Column: Where will the rupee go

Written by Saugata Bhattacharya | Updated: May 7 2014, 02:08am hrs
Other than the general election outcome, and probably because of it, the hottest topic of speculation now is the rupee. Will it strengthen, go up to 54 to the dollar Or crash, to 70, on a precipitous exit of foreign investors, unnerved at the prospect of a fractured political mandate, aggravated by a potential credit-rating downgrade

First, a bit on the timelines of the view. Currency markets are the most difficult to predict. Nobody but a technical analyst or a currency trader will dare take a short-term view, and few but an intrepid economist or a George Soros will dare a long-term forecast. In the near-term, the rupees directions will be driven by circumstances that would seem binary. Animal spirits of foreign investors, in the event of a stable party or coalition at the Centre, will handsomely reward India and the rupee in the short-term, with the potential for a sharp and probably relatively brief spurt of appreciation.

After that, multiple factors, most notably macro fundamentals, will shape the direction of the rupee. The first, in current times, of course, is global economics. Overseas investors recently-discovered confidence in Indias potential caused its rapid exit from the erstwhile Fragile Five list. But despite the exuberance, concerns persist. RBI Governor has succinctly presented a formalised argument against the asymmetric balance of influence between advanced and emerging markets, particularly their central banks, on the impact of actions tantamount to a competitive devaluation of the their respective currencies. The result Currency volatility is likely to persist as central banking actions across the globe play out.

Apart from policy actions, there is a strong rationale for the dollar to appreciate. The US economy is improving (despite the poor Q1 growth numbers) and the Fed is likely to complete the QE taper and raise rates much before the Eurozone and Japan. In the world of reduced dollar liquidity and a reduction of arbitrage potential, is India (and other emerging markets) likely to keep getting the quantum of foreign currency funds we have seen in the past few months (or in the heydays before the global financial crisis) Yes, in the event of a stable government, there will probably be a transient spurt (or the reverse, under the alternative).

On the domestic front, drivers of Indias forex inflow and outflows have become more favourable in FY14. The good news is Indias ability to absorb foreign capital has increased, somewhat paradoxically, with a moderation of the CAD, which we had estimated to be in the range of $30-35 billion in FY14, and is likely to go up moderately to $40-45 billion in FY15. Although, the compression in FY14 was mostly due to gold, and is therefore vulnerable to worsening with improving growth, the base scenario remains a CAD which is fairly stable in the short-term, particularly if 2014 global trade improves to 4.7%, as the WTO thinks.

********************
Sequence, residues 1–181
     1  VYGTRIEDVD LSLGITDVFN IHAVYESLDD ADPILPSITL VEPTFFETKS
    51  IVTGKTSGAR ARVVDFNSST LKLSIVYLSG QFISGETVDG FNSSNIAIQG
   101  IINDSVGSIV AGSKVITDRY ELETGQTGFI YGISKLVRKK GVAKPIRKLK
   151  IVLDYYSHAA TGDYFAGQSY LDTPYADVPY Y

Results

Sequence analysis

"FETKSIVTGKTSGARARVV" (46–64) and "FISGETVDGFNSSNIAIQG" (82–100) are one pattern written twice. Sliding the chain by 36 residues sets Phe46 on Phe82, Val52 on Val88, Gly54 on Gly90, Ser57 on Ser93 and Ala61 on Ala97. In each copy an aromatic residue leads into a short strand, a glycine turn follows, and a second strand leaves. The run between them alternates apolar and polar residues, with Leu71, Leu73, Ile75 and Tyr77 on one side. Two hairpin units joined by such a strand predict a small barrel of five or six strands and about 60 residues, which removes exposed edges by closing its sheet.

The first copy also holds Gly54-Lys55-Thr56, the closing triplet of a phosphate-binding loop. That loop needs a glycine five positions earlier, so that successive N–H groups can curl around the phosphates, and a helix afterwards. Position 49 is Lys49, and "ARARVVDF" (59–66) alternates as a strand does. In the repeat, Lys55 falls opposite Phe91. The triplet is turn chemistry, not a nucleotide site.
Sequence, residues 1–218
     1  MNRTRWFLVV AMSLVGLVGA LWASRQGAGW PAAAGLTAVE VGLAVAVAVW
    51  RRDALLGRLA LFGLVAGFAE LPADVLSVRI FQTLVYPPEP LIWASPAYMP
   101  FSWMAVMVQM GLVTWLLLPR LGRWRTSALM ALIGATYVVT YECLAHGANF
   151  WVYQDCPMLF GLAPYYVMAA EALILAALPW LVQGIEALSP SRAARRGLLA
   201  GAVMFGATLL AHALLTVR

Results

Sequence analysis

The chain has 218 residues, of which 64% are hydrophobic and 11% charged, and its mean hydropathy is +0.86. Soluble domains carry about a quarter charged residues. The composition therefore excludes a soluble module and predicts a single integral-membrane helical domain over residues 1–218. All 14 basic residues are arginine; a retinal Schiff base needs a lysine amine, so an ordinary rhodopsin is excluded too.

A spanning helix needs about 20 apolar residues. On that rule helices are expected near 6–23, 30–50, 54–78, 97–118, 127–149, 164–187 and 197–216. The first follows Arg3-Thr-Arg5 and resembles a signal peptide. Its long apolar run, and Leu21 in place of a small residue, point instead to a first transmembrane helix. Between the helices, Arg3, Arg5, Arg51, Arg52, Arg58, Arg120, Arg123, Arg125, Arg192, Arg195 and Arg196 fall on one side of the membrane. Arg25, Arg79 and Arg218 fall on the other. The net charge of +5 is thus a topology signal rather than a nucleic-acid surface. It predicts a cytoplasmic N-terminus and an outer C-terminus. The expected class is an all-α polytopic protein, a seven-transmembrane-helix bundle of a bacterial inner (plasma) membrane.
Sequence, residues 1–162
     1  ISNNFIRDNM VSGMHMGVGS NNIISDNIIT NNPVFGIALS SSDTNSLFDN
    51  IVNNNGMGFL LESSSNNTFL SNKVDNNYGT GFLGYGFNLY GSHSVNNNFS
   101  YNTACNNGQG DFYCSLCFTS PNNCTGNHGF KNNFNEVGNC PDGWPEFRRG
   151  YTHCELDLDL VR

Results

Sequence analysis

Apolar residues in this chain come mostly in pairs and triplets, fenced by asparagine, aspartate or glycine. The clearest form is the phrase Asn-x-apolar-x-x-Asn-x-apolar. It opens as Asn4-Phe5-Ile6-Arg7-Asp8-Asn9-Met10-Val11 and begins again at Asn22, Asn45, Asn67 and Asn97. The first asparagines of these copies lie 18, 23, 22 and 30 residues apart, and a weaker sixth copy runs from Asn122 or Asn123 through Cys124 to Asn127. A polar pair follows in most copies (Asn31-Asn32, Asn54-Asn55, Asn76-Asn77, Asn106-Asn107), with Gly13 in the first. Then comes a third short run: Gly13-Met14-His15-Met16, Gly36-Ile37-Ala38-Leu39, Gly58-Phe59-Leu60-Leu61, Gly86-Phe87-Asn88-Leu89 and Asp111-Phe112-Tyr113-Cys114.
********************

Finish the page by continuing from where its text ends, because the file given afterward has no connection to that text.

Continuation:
In other words, even a moderate increase in foreign capital flows will result in a balance of payments (BoP) surplus, adding to expectations of a boost to total asset returns based on an appreciating rupee. However, equity markets are increasingly richly valued, and despite expectations of higher forward earnings, the attractiveness of returns on investment will begin to dissipate. Moreover, as QE tapering ends and rates increases are signaled, the global capital pool will shrink and could be re-deployed in advanced economies given their growth prospects. However, a sufficiently large pool of excess reserves remains with global central banks, which can be deployed in attractive assets.

Even with a positive BoP, however, RBI actions in buffering its forex reserves will have implications for the rupee. Overall, foreign currency assets have risen from $248 billion at end-August 2013 to $282 billion by April 18, 2014, a net increase of $34 billion. However, about $4.5 billion of this is estimated to be due to valuation changes, and consequently the net rise in FCA would have been about $30 billion. With opportunistic buying, this might allow RBI to add another $20 billion to its reserves, given the constraint of keeping M0 and M3 growth (the latter already at 14.4%). While we will detail RBIs forex management in another article, this will serve to keep the rupee stable at current levels for some time. Given the need to support the rupee from excessive rise, with an eye on export competitiveness, regulatory controls on channels of capital flows might be a better option, and will probably be incrementally deployed.

Finally, an important question; is the current range of the rupee fairly valued This is one question that defies a definitive answer. The most rough and ready measure is the real effective exchange rate (REER), the trade cousin of the Interest Parity hypothesis. Despite the many known shortcomings afflicting this measure, the rupee seems to be more or less neutral relative to its long-term CPI-based REER average, as the accompanying chart shows. As the reader will observe, however, many interpretations of the REER are possible from different perspectives, with varying interpretation of the appropriate starting point.

What of longer term-prospects A stable political formation, with improved growth prospects would make India an attractive investment prospect. Improving macroeconomic fundamentals will curb excess demand and CAD, but tightening global liquidity will balance capital flows, leading to a more or less stable equilibrium at current levels. However, unless there is a sustained improvement in Indias fundamentals, or if inflation pressures sustain, a weakening bias will gradually emerge once again.

The author is senior vice-president and chief economist, Axis Bank.

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